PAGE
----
Gojira -1.0

Naoki Sat?

" Gojira Minus One can only be fully enjoyed and viewed as a standalone (flawed) masterpiece, one of the best Naoki Sato has ever written. "

Written by Joep de Bruijn - Review of the regular release

Ever since the first Japanese film in 1975, most of the Gojira films have included references to (nuclear) war trauma, environmental issues, symbolic themes, and specific Japanese topics, but also embarked on remarkably silly side roads. This new Gojira -1.0 (Godzilla Minus One, 2023) takes several of these themes and includes something as recent as the COVID-19 period as a source of inspiration for the director. Unfortunately, this is also the first attempt by a Gojira film to 'deeply' focus on the human factor, which fails, solely delivering an enormous amount of forgettable, embarrassing melodrama.

There are two central themes, a four- and six-note motif that signals a sense of hope, despair, trauma, and melancholy related to the central idea of the film to focus on characters (especially Kochi) and the overall melodramatic intent renders the music almost completely useless, even though some music independently isn't, but in context is beyond weak. They can be heard in excellent cues, such as Pain, Elegy, Divine and Hope, while being further developed in the unreleased portions of the score.

The three-note motif for Gojira is of stelllar quality within this score. Ever since monstrous creatures existed, even long before and after the very first 1954 Gojira film, this sound - orchestral burst of energy by brass, other orchestral elements, and chorus/choir - has been a cliché and continues to be so. I rarely find it engaging anymore, but at least Satō brings enough excellence to make it work splendidly. Yet, he also has arranged and re-recorded music from four previous Gojira scores; the three suites. In the tradition of the entire Japanese legacy, tracked in music by Akira Ifukube was often a recurring phenomenon, and Gojira -1.0 is no exception, only with the note that they are Satō's reworkings. Yet, in dismissing the melodrama, I found these epic Gojira elements, besides some atonal pieces, to be the best in context. What Satō tries to establish with his score is terribly interrupted by these pieces on the album.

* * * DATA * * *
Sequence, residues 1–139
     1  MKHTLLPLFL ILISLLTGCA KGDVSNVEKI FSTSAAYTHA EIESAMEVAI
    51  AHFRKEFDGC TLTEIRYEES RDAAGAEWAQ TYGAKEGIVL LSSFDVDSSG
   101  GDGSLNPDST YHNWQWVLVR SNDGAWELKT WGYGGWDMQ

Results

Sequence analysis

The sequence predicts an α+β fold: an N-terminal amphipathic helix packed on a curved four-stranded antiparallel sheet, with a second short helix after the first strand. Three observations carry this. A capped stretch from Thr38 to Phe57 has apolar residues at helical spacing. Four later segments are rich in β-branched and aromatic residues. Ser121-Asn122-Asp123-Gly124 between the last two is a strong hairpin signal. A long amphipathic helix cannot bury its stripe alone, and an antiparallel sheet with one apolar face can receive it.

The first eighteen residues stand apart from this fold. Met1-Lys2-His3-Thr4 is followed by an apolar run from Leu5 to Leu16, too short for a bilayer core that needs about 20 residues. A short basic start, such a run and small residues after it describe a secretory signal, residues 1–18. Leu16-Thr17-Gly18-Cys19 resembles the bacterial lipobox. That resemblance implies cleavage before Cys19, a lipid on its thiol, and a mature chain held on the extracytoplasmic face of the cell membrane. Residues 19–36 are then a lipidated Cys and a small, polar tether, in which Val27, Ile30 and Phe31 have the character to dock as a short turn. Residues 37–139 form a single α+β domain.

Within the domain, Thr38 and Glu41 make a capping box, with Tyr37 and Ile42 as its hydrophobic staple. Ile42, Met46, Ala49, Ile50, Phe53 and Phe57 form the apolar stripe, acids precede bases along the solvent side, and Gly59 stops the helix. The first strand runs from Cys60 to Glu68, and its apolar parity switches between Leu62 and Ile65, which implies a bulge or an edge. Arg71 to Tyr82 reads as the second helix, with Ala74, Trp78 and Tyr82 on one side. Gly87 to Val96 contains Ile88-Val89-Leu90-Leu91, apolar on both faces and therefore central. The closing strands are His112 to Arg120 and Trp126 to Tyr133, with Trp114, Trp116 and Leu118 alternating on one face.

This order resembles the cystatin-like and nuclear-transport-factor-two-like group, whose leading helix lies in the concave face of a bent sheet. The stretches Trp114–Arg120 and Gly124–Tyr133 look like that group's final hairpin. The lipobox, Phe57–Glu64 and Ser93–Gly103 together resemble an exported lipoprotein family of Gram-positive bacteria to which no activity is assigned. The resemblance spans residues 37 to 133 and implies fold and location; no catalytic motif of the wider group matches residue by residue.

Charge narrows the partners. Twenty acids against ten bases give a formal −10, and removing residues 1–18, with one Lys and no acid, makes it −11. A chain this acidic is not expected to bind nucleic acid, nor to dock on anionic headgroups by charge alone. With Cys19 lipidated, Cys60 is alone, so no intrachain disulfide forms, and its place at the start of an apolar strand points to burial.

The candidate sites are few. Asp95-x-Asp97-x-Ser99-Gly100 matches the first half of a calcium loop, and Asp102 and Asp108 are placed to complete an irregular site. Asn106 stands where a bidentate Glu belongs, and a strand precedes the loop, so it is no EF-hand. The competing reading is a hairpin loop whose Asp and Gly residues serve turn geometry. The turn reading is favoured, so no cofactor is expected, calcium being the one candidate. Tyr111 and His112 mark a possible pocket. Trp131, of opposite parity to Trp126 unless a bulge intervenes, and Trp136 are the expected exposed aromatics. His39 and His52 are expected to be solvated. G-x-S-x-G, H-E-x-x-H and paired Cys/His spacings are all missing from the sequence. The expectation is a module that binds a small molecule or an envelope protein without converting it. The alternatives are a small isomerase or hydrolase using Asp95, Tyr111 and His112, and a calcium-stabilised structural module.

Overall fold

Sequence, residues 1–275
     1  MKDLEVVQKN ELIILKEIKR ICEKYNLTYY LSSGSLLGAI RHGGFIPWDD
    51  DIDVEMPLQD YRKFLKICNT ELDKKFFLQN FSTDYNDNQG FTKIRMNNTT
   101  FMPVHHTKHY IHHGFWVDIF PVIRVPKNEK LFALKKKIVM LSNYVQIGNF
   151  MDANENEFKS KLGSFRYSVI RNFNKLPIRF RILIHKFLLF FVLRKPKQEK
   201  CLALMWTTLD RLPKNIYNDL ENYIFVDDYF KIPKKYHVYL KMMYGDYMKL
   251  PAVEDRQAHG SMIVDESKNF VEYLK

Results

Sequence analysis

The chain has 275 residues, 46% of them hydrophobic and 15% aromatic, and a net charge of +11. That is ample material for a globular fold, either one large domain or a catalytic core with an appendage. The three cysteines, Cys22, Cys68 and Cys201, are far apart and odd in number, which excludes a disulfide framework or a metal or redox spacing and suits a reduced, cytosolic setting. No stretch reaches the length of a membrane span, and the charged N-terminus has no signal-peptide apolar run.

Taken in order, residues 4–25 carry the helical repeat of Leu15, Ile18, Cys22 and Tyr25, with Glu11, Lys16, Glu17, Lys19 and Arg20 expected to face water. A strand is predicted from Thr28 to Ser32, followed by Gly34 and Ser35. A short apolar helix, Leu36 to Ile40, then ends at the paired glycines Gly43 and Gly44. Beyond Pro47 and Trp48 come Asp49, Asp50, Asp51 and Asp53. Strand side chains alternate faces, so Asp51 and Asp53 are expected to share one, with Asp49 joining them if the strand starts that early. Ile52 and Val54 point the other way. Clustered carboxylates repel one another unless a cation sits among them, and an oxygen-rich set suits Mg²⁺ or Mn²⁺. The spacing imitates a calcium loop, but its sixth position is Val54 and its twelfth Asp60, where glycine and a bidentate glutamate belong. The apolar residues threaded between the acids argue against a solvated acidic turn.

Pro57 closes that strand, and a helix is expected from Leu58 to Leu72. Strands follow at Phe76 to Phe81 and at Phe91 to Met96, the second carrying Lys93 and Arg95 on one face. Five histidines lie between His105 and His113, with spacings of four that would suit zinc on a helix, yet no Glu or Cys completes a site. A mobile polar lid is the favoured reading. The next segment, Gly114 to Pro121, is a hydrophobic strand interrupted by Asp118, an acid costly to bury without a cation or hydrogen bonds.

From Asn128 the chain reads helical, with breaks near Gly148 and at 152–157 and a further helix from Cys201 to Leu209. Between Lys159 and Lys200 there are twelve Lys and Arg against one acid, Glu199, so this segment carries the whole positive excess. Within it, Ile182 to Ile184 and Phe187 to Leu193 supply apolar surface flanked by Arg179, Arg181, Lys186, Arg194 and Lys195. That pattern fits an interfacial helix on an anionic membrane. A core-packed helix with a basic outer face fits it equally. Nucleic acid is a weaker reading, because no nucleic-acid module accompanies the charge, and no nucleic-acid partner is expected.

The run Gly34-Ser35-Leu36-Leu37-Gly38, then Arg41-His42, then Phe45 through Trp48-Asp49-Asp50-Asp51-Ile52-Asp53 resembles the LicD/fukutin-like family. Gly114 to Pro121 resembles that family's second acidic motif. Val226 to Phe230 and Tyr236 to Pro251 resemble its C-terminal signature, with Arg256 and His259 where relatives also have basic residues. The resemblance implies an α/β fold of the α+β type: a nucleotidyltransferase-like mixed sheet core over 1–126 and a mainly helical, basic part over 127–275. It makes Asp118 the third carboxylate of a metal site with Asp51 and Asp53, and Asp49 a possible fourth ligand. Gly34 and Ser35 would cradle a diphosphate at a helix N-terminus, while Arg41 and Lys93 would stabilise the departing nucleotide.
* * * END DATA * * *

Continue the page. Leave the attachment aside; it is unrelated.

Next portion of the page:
Another important ingredient of the score is fearsome music Satō wrote, which is especially clear in some first few pieces. He uses incredibly hallucinating avant-garde atonal influences and a deeply atmospheric approach, such as an inadmissible fog horn effect.

The minimal, atmospheric electronic/orchestral fear, the brobdingnagian three-note Gojira motif, and the two themes related to the character's melodramatic developments intertwine throughout the score. Naoki Satō's music displays a strong soundscape of many subtleties and enrichments in how it is written and orchestrated, but in its overal presentation is very ubsubtle and wrongfully melodramatic in context. Gojira Minus One can only be fully enjoyed and viewed as a standalone (flawed) masterpiece, one of the best Naoki Satō has ever written.

A special mention goes out to the exceptional use of the noble tuba, the Daisensei Muroya Strings/Koichiro Muroya Strings - who have performed on literally hundreds of Japanese scores - the mixed chorus and Tokyo Philharmonic choir and the mezzo-soprano solos of the Little Singers of Tokyo.

01 Godzilla-1.0 Fear 3:49
02 Godzilla-1.0 Portent 3:25
03 Godzilla-1.0 Confusion 5:30
04 Godzilla-1.0 Godzilla Suite Ⅰ 3:40
05 Godzilla-1.0 Divine 2:12
06 Godzilla-1.0 Elegy 2:34
07 Godzilla-1.0 Mission 3:28
08 Godzilla-1.0 Hope 0:53
09 Godzilla-1.0 Honor 1:57
10 Godzilla-1.0 Pride 2:41
11 Godzilla-1.0 Pain 5:09
12 Godzilla-1.0 Resolution 5:08
13 Godzilla-1.0 Godzilla Suite Ⅱ 4:48
14 Godzilla-1.0 Unscathed 2:17
15 Godzilla-1.0 Last 2:33
16 Godzilla-1.0 Pray 4:14
17 Godzilla-1.0 Godzilla Suite Ⅲ 1:48

Disc length 56:06

(click to rate this score)  
(total of 4 votes - average 4/5)

Released by

Rambling records (regular release 2023)